2ND LIEUTENANT’S COMMISSION – JOSEPH W. BREWSER, 11TH ILLINOIS INFANTRY

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William Duncan had a very interesting record in an active company of cavalry that he came to command, seeing action in numerous scouts and small engagements as well as pitched battles such as Perryville, Stones River, and Chickamauga, Lookout Mountain, and Missionary Ridge and there seems to be a lot of great history further to be developed. Duncan was a resident of Plato, Il., enlisting on 8/17/61 and mustering in as a corporal on 9/23/61 in “Smith’s Company,” one of several independent cavalry companies attached to infantry regiments, in this case one of two attached to the 36th Illinois and designated Co. B of that regiment. On 12/25/62 it was combined with other independent companies as the 15th Illinois Cavalry and was designated Co. K, serving under that designation until 1/26/65 when that regiment mustered out and the men retained in service were consolidated into three companies and combined with nine consolidated companies of the 10th Illinois Cavalry to form the 10th Illinois Veteran Volunteer Cavalry. Duncan had commanded the company from February 1864, the date of this commission, and continued to do so, the consolidated company under his command retaining its designation as Co. K in that unit. He commanded it to the end of the war, mustering out 7/15/65, the unit as a whole being mustered out that Fall.

The Illinois Adjutant General’s short history of the company is worth quoting here to give and idea of the extent of Duncan’s service:

“Company B Cavalry, upon joining General Buell's army was transferred from General Mitchell to General Carlin and marched through Alabama, Georgia, Tennessee and Kentucky to Louisville, returning through Kentucky with General Carlin.  Was in battle of Perryville (first to enter the town) and in action at Lancaster and near Crab Orchard.  Counter marched to Cave City, thence to Bowling Green, thence to Edgefield via Tyree Springs where had an engagement with General John Morgan, and also the following day at Shackle Island.  Was in a cavalry action at Hepworth Shoals (special mentioned by General Rosecrans).  Then assigned as escort to General Jeff. C. Davis.  Camped near Nashville December 26, led the advance of McCook's corps to Nolensville, (complimented by McCook and Davis personally, and official reports.)  Crossed Overall's Creek and was in Cavalry fight with Colonel Stokes.  Was in battle of Stones River; with Davis' expedition to Eaglesville, Versailles and Franklin. Had cavalry action at Versailles, Rover, Franklin and Walnut  Church.  In June, 1863, transferred as escort to General T. L.  Crittenden. and marched with him to Stevenson, Ala., then to  Chattanooga, Tenn., and on to Ringgold, Ga., back to Crawfish  Springs.  Had cavalry engagement at Rossville and Ringgold.   Was in the battle of Chickamauga, then marched back to Chattanooga.  Generals McCook and Crittenden subsequently being relieved the Company escorted them to Stevenson. Returned to Chattanooga, assigned to General Thomas' headquarters.  Took seven hundred: starving horses and mules to Stevenson, returned to Chattanooga.  Assigned to General Hooker as escort, marched to Stevenson, thence via Whiteside to Wauhatchie and camped in Lookout Valley.  By order War Department transferred as Company  K, 15th Illinois Cavalry.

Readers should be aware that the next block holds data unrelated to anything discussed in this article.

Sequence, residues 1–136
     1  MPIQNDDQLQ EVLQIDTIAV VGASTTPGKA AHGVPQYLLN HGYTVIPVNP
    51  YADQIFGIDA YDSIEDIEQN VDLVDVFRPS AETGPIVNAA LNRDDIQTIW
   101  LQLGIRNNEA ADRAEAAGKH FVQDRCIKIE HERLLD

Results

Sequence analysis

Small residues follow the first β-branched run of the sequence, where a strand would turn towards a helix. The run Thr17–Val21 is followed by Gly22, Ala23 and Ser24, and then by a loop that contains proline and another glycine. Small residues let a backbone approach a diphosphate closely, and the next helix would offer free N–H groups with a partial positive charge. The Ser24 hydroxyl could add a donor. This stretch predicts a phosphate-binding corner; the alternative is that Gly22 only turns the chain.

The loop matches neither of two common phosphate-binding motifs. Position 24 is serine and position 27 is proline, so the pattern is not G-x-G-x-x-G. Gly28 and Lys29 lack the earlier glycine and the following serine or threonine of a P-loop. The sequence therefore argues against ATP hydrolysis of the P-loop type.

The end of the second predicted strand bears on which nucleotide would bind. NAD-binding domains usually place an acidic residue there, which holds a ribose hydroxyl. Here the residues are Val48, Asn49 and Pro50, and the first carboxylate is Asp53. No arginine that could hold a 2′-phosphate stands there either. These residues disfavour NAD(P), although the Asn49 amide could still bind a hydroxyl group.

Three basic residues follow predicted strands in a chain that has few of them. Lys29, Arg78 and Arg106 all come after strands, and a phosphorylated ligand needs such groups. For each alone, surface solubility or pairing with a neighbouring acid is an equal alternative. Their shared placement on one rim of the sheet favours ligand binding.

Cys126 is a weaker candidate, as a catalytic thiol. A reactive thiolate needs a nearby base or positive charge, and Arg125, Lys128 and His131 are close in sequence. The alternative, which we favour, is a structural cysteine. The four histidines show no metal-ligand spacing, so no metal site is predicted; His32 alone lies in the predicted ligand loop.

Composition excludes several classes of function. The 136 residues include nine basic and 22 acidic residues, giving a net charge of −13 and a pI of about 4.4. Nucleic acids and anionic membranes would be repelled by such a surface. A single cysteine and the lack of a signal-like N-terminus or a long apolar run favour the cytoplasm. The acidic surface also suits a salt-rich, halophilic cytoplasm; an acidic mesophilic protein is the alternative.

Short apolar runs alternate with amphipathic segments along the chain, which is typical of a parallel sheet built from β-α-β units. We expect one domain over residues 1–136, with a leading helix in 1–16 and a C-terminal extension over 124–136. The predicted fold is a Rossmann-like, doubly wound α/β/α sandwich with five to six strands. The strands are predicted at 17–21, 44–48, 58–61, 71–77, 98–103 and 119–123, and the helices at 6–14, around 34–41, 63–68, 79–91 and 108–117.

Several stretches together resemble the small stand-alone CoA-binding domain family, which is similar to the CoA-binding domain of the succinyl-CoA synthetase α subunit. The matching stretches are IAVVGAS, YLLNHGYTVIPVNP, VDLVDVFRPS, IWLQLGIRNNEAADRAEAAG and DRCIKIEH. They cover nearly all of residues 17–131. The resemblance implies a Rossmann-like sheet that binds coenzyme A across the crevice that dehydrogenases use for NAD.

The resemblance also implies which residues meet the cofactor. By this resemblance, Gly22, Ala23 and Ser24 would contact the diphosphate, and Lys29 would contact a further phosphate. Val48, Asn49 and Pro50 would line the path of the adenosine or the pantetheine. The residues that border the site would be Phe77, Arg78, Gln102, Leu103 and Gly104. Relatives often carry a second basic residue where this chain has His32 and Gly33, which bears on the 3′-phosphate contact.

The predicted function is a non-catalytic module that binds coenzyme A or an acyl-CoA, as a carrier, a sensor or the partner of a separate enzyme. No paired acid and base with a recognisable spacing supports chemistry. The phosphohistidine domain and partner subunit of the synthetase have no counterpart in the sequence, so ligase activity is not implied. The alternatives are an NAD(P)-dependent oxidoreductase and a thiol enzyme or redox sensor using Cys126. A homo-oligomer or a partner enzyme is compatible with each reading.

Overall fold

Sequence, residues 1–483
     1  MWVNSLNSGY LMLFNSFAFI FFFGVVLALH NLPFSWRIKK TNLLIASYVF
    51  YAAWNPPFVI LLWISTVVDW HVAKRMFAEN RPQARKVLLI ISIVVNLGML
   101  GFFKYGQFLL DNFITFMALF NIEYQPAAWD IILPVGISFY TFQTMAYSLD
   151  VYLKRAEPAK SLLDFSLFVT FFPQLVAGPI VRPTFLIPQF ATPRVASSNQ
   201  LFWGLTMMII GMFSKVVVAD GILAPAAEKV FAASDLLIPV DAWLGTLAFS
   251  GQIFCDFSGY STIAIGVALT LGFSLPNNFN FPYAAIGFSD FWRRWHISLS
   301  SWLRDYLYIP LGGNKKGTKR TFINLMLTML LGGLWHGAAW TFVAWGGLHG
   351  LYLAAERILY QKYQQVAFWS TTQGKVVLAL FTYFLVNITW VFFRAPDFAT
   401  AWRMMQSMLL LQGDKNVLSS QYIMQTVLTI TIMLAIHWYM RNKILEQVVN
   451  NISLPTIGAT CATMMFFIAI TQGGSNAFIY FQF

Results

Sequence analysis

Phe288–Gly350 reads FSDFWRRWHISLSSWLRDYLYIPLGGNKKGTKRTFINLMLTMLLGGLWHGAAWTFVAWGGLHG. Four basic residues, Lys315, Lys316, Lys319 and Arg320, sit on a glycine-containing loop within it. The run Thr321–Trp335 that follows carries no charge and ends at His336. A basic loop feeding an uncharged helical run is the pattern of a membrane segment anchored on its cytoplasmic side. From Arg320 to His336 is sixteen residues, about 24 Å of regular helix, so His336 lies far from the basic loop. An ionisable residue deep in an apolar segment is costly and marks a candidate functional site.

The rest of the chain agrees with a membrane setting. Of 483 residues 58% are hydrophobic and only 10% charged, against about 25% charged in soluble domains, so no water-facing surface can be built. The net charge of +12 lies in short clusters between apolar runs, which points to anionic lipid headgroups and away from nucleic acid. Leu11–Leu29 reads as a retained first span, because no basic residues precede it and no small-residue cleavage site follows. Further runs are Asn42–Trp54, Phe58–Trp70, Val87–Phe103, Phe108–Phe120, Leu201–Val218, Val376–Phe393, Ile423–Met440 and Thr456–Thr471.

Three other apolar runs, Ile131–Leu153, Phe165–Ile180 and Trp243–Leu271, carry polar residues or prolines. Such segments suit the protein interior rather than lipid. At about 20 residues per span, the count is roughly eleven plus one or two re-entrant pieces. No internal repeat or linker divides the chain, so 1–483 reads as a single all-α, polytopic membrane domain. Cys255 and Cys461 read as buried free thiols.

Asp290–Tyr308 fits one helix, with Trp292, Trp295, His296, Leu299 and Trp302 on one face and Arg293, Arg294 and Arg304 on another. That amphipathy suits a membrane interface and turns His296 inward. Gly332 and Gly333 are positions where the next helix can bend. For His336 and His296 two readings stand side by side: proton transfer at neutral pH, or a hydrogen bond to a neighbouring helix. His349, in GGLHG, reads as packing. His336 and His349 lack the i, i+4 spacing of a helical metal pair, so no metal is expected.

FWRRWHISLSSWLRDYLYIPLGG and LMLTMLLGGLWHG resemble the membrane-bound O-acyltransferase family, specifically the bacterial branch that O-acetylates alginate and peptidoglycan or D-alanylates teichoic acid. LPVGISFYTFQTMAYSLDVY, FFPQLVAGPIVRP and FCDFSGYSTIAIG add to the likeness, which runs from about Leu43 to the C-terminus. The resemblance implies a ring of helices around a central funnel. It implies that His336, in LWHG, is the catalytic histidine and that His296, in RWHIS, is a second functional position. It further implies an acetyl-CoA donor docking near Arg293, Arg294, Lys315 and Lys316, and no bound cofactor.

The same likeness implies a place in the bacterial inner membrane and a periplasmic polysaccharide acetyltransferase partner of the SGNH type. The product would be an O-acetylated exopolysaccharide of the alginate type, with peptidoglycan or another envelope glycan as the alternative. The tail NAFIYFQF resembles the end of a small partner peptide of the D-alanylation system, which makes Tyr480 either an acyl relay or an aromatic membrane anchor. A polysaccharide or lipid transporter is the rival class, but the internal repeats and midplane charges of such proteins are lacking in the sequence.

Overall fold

In battles of Lookout Mountain, Missionary Ridge and Ringgold; returning to Lookout Valley, camped until the spring of 1864.”

From this point on, Duncan was in command of the company.

“Was escort to General Hooker in Atlanta campaign; charged across and saved a burning bridge over Pumpkinvine Creek (special mention.) General Hooker being relieved by General Howard, the company went through with him to the sea as escort and scouts.  Was in actions at Rome, Adairsville, Resaca, Snake Creek Gap, Taylor's Ridge, Lafayette, Greysville, Lynch's Creek, Mt. Elon, and Fayetteville.”

As should be expected from its wide service, the company had several nicknames: including Slocum's Escort, Dodson's Cavalry Company, Hooker's Escort, Davis' Escort, Sherer's Cavalry Company Dragoons, Smith’s Cavalry Company, and Williams' Escort. There is obviously a lot of interesting history to be developed. Most interesting, perhaps, is the following at the end of the Illinois Adjutant General’s summary history:

“Captain Wm. Duncan was twice taken prisoner, but escaped.  With five men he received the surrender of Milledgeville with General Howard thirty miles away.  With two men he floated down the Ogeechee River in a dugout past Ft. McAIIister out into the bay and thus opened communication between Sherman and Dahlgren.”

Duncan’s commission measures 14.5 by 10 inches and is in excellent condition, showing just slight fold lines. Governor Yates’ signature is prominent and the commission is embossed with the state seal at lower left. Duncan mustered in as corporal and the commission indicates he had been promoted to sergeant at some point. Yates signed the document March 29, 1864, giving Duncan the rank from February 18, 1864, the date at which he would have effectively assumed the rank, though he might well have been performing the duties quite a bit earlier. After the war he was a member of GAR Post 257 in Greenup, Illinois. He died in 1905.  [SL]

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